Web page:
What Can NCCC Do For Me?

We regret that we are not able to offer any specific guidance for consumers experiencing this issue. The investigation is now closed (see updated information below) and the time limits for participation in all known class action lawsuits and reimbursement programs has expired. Some consumers are having success with filing small claims actions through their local courts or by hiring private attorneys.

Fixing the Problem Yourself

A number of vehicle owners have replaced the problem radiators at their own cost. We've heard total prices ranging anywhere from $80 all the way to $700 depending upon whether they chose to use an aftermarket or genuine Nissan radiator and whether they chose to do the work themselves, hire an independent shop, or use a Nissan dealership.

Some owners have even taken the unusual preemptive step of bypassing the transmission cooler itself and installing a separate transmission cooler apart from the radiator.

Check Your Transmission Fluid Regularly

If you own one of these vehicles, you should get in the habit of checking your engine coolant and transmission fluid very regularly.

Depending upon your specific vehicle, your transmission fluid should be red, though production changes or previous service may mean you have a different color fluid. As the transmission fluid ages, it will turn darker and may look more brown than the original color. This condition is normal and may be a sign that it's getting close to the time to change your transmission fluid. The fluid should be consistent in coloring.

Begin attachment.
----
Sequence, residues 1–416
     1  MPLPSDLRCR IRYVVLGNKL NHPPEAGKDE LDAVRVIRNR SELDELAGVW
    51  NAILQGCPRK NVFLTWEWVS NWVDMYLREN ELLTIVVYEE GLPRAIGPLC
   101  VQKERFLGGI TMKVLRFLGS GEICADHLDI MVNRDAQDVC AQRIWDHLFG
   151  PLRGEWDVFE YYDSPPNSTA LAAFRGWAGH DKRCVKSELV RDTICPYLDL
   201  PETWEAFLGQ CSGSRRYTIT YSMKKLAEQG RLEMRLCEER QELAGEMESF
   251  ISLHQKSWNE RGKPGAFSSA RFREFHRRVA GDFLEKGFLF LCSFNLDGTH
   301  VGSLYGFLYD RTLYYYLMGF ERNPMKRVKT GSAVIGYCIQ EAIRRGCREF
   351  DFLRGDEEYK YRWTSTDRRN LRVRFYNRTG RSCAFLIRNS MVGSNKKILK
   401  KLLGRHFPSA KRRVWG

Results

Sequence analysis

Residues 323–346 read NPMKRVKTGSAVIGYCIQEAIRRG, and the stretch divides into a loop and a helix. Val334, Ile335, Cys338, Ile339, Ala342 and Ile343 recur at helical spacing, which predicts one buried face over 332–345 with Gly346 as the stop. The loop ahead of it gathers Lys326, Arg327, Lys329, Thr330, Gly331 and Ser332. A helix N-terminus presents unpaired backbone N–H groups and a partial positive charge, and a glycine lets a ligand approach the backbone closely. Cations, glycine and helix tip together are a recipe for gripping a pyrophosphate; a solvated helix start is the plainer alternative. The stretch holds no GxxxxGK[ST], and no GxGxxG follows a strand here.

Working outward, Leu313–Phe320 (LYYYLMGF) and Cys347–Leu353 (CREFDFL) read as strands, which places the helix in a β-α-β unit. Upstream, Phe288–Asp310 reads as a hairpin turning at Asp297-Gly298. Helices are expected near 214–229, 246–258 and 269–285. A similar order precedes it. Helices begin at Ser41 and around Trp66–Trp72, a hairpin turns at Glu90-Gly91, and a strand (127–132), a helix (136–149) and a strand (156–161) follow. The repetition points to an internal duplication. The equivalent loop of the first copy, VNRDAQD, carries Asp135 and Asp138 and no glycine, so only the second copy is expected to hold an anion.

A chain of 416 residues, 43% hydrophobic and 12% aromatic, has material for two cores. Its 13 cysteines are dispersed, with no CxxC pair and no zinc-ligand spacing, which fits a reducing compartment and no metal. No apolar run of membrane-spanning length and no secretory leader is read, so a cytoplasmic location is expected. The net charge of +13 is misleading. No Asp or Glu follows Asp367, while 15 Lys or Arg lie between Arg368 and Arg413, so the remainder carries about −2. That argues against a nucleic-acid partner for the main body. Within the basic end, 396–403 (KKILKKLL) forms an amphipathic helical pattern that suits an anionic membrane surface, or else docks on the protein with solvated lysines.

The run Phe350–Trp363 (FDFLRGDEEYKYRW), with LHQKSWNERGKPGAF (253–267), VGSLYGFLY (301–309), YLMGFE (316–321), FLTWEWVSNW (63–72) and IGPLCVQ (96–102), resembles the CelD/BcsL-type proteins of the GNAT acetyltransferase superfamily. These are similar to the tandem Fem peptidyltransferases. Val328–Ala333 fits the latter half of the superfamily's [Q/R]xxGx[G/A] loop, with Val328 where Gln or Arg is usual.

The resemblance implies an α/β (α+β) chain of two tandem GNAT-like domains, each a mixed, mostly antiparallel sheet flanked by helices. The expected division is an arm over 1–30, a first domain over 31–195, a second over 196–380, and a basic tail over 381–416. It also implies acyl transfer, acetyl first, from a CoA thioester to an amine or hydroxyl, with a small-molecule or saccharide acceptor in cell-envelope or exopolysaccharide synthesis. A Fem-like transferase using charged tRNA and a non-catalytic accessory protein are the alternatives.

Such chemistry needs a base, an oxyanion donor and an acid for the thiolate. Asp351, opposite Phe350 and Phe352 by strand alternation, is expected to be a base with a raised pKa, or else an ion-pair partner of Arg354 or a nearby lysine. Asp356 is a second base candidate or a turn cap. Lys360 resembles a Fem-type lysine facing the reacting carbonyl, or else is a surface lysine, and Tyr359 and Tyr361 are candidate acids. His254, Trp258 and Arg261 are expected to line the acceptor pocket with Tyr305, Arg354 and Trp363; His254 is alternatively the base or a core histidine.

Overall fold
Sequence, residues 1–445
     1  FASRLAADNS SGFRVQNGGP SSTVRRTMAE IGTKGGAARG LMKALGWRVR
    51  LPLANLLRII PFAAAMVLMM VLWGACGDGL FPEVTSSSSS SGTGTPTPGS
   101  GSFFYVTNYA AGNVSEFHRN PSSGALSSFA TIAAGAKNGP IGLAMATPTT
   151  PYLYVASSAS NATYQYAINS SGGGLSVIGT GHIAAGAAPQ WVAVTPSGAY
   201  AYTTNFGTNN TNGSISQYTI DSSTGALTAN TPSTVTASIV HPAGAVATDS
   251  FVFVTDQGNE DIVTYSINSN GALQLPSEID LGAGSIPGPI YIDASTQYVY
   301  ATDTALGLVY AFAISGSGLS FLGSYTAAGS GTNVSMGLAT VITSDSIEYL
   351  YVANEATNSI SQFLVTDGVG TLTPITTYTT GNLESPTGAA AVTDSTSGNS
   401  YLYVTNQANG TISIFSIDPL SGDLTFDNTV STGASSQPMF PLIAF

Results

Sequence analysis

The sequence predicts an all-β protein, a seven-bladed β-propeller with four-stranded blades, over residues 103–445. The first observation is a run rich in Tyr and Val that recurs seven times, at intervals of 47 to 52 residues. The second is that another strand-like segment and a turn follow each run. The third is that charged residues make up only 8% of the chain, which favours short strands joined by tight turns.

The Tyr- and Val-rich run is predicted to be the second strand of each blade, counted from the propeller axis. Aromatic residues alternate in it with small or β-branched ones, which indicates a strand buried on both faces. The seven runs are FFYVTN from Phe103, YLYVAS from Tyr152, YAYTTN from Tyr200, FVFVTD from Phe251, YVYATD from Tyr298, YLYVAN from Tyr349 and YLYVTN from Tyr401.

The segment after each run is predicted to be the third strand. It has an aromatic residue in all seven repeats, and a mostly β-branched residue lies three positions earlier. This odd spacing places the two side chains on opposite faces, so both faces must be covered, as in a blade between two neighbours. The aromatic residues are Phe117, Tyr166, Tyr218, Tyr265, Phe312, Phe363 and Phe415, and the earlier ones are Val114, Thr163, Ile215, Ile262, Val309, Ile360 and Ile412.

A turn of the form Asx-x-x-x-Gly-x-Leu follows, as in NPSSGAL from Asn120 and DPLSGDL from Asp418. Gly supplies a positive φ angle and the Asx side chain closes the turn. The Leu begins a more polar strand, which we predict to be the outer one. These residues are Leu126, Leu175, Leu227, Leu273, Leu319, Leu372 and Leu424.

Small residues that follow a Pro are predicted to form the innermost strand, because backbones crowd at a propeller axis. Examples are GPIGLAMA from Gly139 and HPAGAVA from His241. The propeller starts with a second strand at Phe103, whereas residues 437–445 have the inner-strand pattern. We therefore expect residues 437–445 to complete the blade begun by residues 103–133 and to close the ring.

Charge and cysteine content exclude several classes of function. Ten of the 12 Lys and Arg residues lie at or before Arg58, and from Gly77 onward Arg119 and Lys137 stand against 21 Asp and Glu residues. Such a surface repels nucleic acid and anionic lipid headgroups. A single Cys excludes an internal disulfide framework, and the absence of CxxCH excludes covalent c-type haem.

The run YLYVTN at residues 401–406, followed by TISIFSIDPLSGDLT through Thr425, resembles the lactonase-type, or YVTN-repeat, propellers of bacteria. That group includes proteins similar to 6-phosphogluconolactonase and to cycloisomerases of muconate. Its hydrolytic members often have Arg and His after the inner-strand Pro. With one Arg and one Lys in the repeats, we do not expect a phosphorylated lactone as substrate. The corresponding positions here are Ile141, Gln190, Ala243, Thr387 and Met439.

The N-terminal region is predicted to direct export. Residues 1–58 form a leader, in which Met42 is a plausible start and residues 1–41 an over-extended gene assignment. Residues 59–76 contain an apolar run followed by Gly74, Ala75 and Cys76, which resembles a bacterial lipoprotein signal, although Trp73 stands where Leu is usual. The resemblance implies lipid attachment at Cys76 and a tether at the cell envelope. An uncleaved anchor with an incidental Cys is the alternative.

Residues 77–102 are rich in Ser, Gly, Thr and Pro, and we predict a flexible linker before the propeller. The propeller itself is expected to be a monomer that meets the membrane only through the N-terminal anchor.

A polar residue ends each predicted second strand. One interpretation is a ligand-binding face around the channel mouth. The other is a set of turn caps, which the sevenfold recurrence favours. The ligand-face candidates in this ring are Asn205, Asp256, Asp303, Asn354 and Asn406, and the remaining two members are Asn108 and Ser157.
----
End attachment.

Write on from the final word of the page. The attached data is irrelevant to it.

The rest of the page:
The transmission fluid should NOT be white, streaked with white, or look like a strawberry milkshake or custard. If you notice this condition, stop driving the vehicle immediately and have your vehicle towed for service as operating the vehicle can cause further and sudden damage.

Check Your Transmission Fluid Regularly

In addition to checking the transmission fluid, you should also check the condition of your engine coolant as cross contamination may present itself in the coolant before it shows in the transmission.

These vehicles all differ. If your vehicle has a radiator cap or reservoir cap, you can remove it when the engine is cold and inspect it. Do not remove any coolant system caps when the engine is hot or you can be severely burned. You can also inspect the coolant reservoir. If there is any slimy substance or the coolant appears milky or brown, you may have contamination and should have your vehicle serviced immediately.

Do Not Buy Advisory

NCCC took the unusual step of issuing a 'Do Not Buy' advisory for these vehicles owing to the presence of this defect. It has been acknowledged by both Nissan and the NHTSA. While the NHTSA findings don't support their criteria for a safety recall, the defect can set consumers back $10,000 or more depending upon which vehicle they own.